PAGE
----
Posted by: daisymack | May 20, 2009 4:09 PM

Camp food: We often make beef stew or chili in advance and freeze in a big, pot size lump to act as the ice in our cooler. When it starts to thaw it makes it onto the menu. We're pretty casual about the slow thawing process; if this is a food safety concern for you it may not be the best choice. In that case, I recommend freezing your ice in large chunks (we use milk cartons) as they stay cold much longer than cubes.

Posted by: esleigh | May 20, 2009 4:15 PM

I need recipes for peaches. I froze some whole peaches last year when I ran out of canning jars and while their flavor is great the texture is mushy. I've made peach-banana bread and peach juice cocktails, but I want something more. I thought about trying to make a sauce for serving with meat, but I'm stumped as to sauce and meat (pork came to mind but I can't eat it). Any suggestions? This year's crop is ripening as we speak and I want last year's crop to be gone by then.

Posted by: esleigh | May 20, 2009 4:18 PM

Daisymack, you got a toaster oven? That would work like a champ. Otherwise, place in a baking dish, cover with foil, reheat at 350.

Posted by: Kim ODonnel | May 20, 2009 4:42 PM

esleigh, have you ever grilled peaches? Cut in half, remove pit, brush with a smidge of oil, heat on the grate, open wide. Life does't get much better. I'm also a big fan of peach salsa -- with herbs, red onion, chile. Luscious.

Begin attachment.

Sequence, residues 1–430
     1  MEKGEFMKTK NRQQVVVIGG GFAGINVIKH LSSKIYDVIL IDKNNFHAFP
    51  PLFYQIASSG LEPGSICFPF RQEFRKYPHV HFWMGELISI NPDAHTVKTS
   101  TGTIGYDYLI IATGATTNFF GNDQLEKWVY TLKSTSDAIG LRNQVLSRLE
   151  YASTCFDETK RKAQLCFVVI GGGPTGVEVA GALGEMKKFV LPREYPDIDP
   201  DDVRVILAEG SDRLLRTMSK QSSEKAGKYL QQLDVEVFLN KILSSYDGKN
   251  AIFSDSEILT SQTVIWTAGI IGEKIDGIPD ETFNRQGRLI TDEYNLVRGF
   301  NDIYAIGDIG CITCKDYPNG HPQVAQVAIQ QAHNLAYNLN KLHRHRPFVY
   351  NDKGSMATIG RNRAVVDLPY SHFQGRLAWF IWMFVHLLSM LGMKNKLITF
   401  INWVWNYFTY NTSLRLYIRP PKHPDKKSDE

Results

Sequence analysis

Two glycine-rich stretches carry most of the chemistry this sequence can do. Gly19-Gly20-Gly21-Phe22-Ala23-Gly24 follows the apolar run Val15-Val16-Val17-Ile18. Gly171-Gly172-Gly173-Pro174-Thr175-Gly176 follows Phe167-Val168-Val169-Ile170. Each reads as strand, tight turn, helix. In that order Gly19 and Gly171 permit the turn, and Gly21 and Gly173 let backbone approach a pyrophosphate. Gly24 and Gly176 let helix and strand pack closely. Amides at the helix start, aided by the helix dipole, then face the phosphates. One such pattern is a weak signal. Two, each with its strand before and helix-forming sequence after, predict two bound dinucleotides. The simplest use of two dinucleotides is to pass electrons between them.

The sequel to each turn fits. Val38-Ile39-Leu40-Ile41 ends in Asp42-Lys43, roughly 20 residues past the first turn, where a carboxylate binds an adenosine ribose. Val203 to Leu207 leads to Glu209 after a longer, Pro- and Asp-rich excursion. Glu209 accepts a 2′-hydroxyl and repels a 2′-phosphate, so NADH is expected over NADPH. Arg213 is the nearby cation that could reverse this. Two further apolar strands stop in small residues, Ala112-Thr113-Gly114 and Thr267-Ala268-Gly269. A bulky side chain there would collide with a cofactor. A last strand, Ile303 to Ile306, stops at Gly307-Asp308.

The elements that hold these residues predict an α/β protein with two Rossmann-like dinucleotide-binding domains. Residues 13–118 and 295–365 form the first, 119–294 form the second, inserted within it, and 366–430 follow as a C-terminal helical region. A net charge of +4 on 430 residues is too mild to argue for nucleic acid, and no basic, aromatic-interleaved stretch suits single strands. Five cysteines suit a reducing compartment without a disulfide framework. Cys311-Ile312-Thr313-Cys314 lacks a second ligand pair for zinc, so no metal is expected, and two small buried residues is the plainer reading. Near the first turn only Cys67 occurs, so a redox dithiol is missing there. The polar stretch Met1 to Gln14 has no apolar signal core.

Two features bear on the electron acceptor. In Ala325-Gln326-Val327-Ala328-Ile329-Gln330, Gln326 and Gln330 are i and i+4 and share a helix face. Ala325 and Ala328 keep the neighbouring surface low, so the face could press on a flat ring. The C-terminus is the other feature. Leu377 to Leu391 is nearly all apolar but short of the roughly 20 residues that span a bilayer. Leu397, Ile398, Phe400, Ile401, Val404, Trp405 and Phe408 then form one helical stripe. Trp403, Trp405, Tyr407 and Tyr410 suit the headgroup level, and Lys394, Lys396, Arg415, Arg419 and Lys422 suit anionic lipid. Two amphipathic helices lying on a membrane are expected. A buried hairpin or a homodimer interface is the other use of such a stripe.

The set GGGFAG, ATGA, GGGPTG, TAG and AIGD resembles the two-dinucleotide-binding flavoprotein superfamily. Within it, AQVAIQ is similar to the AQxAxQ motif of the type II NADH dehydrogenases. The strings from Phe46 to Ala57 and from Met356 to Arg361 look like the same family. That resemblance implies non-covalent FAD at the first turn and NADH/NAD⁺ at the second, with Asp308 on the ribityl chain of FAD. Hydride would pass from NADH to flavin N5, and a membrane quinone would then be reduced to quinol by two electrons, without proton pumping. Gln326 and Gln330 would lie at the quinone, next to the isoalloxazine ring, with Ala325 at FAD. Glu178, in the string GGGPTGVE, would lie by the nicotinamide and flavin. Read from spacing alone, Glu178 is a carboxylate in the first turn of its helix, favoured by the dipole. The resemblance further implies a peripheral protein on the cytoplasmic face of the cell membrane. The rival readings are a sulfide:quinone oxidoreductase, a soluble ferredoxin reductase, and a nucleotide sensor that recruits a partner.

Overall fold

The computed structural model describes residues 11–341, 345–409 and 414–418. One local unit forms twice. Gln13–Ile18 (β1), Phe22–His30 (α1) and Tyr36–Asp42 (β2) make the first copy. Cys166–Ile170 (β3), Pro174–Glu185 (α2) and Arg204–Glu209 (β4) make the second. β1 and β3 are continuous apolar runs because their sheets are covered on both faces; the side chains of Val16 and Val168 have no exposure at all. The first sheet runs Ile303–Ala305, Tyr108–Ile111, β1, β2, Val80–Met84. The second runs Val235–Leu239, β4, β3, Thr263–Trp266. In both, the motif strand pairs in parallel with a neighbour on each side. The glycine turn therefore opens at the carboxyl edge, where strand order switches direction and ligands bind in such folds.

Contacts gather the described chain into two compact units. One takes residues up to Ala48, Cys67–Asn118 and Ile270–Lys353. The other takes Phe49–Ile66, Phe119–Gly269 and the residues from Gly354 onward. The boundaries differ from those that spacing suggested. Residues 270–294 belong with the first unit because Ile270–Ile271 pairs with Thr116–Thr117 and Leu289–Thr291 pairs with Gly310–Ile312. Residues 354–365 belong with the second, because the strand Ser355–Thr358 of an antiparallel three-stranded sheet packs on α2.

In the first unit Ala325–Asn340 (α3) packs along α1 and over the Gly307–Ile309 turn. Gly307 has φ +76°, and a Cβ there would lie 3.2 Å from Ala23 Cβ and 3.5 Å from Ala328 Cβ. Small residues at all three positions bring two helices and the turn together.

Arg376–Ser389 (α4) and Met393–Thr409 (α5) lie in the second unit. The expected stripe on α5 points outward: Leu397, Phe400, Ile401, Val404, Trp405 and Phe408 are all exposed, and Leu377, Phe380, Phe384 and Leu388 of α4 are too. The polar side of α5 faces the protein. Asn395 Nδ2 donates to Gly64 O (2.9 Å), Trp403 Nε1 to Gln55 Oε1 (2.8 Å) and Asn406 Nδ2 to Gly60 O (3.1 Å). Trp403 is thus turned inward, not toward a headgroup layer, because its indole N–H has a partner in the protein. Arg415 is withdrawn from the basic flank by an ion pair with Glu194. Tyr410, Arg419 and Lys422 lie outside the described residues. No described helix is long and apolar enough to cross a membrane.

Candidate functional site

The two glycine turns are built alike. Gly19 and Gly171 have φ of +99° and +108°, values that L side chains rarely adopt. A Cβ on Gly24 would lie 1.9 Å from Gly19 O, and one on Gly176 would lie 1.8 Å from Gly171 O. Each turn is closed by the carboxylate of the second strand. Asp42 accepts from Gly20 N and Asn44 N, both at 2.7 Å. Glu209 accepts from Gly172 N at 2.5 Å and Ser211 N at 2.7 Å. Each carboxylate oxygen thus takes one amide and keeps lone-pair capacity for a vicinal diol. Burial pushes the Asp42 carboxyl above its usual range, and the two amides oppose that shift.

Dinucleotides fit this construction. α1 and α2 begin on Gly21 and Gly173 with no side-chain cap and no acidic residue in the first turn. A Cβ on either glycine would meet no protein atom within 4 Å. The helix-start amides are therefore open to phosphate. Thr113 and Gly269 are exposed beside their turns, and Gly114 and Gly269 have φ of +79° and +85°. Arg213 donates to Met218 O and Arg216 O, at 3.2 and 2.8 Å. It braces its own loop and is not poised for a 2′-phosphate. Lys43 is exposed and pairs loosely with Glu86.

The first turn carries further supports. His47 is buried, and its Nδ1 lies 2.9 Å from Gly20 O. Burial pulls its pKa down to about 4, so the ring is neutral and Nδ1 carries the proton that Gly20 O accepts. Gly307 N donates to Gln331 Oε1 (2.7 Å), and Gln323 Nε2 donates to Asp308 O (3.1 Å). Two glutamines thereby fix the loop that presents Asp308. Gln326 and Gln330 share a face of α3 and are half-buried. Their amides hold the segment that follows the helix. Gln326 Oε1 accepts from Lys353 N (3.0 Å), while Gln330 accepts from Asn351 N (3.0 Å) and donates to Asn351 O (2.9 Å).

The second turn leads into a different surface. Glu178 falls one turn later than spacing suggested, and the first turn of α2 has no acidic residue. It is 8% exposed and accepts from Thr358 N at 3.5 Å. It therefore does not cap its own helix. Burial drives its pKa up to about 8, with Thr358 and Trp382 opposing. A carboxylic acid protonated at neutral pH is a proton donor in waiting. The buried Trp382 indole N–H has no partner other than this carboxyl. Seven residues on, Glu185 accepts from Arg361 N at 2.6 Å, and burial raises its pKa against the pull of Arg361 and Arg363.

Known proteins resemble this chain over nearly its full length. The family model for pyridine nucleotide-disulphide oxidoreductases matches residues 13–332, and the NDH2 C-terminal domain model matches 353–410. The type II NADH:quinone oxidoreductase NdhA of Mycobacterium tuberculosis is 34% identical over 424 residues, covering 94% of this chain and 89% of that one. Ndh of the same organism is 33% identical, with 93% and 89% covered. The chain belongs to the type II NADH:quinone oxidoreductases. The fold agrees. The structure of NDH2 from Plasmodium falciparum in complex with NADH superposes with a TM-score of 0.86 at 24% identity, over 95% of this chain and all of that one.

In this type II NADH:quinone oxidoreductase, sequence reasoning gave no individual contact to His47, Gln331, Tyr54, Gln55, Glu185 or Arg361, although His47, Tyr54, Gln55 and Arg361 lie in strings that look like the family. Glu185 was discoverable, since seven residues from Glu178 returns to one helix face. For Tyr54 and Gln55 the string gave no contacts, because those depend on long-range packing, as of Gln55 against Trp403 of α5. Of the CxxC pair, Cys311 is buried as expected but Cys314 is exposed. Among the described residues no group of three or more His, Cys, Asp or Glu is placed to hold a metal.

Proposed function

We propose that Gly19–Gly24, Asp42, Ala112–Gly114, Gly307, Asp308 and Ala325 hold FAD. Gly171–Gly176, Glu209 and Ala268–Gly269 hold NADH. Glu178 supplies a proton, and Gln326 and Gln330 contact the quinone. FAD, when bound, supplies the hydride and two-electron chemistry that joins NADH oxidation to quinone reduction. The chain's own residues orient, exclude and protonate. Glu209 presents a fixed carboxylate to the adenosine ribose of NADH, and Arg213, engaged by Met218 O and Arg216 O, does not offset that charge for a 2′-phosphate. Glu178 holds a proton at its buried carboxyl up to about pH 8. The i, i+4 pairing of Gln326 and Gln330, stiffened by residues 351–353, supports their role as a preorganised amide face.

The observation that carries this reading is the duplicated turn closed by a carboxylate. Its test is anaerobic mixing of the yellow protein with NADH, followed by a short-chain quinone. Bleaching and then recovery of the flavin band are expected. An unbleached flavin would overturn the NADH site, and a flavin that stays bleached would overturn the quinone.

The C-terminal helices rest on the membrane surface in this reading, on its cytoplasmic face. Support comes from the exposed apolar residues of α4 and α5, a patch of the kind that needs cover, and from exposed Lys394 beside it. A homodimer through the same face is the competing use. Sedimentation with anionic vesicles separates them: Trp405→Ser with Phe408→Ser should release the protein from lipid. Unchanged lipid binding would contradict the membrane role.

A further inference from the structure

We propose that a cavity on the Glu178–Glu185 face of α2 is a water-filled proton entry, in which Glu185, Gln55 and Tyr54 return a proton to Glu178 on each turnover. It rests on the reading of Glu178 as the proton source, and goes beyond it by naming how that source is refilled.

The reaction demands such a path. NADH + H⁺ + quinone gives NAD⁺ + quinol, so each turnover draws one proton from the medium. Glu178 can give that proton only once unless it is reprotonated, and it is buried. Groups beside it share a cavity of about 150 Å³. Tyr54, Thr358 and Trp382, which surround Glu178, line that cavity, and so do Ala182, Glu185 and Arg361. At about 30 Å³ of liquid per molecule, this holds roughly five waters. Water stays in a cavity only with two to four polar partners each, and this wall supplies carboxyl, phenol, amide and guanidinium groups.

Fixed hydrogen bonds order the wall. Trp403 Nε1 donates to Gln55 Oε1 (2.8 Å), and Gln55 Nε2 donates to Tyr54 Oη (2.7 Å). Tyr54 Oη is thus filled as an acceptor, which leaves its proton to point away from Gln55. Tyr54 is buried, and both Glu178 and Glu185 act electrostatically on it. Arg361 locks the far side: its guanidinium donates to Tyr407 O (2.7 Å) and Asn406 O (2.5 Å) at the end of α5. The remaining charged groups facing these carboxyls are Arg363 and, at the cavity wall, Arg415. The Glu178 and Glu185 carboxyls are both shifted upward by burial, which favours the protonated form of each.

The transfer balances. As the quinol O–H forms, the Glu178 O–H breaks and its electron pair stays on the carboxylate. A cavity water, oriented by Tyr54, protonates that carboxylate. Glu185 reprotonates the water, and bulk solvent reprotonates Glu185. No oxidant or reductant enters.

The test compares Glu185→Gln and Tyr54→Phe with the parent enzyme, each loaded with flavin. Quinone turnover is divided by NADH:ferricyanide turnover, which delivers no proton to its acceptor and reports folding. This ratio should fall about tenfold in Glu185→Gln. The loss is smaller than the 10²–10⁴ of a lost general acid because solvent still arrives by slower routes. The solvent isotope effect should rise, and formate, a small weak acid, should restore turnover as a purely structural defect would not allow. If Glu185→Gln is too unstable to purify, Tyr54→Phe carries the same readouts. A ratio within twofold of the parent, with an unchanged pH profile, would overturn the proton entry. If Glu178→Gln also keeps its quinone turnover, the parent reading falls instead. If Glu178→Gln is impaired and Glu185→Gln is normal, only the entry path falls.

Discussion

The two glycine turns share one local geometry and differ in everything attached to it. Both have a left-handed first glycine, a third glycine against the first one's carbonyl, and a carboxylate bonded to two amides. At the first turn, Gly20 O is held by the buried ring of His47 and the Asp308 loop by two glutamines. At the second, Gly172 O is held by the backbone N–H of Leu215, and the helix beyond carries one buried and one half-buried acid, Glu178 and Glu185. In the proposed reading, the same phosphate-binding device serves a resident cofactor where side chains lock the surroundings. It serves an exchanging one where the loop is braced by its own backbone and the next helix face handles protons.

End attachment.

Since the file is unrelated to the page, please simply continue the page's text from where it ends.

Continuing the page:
Posted by: Kim ODonnel | May 20, 2009 5:05 PM

esleigh/Kim: speaking from experience, frozen peaches do not grill well at all. Freezing has broken the cell structure, so as esleigh said, the texture is all changed. They need to be cooked. Ideas that I use with my frozen peaches (which I freeze by the bushel - and like you, I can too):
Cobblers
Sauce for yogurt or ice cream
Cooked peach ice-cream
SMOOTHIES (and you don't even have to thaw) - that's big favorite
See here: http://www.laughingduckgardens.com/ldblog.php/2008/12/31/s-is-for-super-easy-smoothie/

As far as meat pairing - besides pork - I like peaches with chicken and lamb.

Good luck
Sylvie
http://www.LaughingDuckGardens.com/ldblog.php/

Posted by: rowandk | May 20, 2009 9:32 PM

Sylvie - Thanks for the additional ideas. Smoothies and ice cream will go down particulary well around here. And I've got a freezer full of lamb, too, so there will be some experimentation.

Kim - I'll try grilling this year's peaches - it sounds delicious. Thanks much.

Posted by: esleigh | May 21, 2009 10:14 AM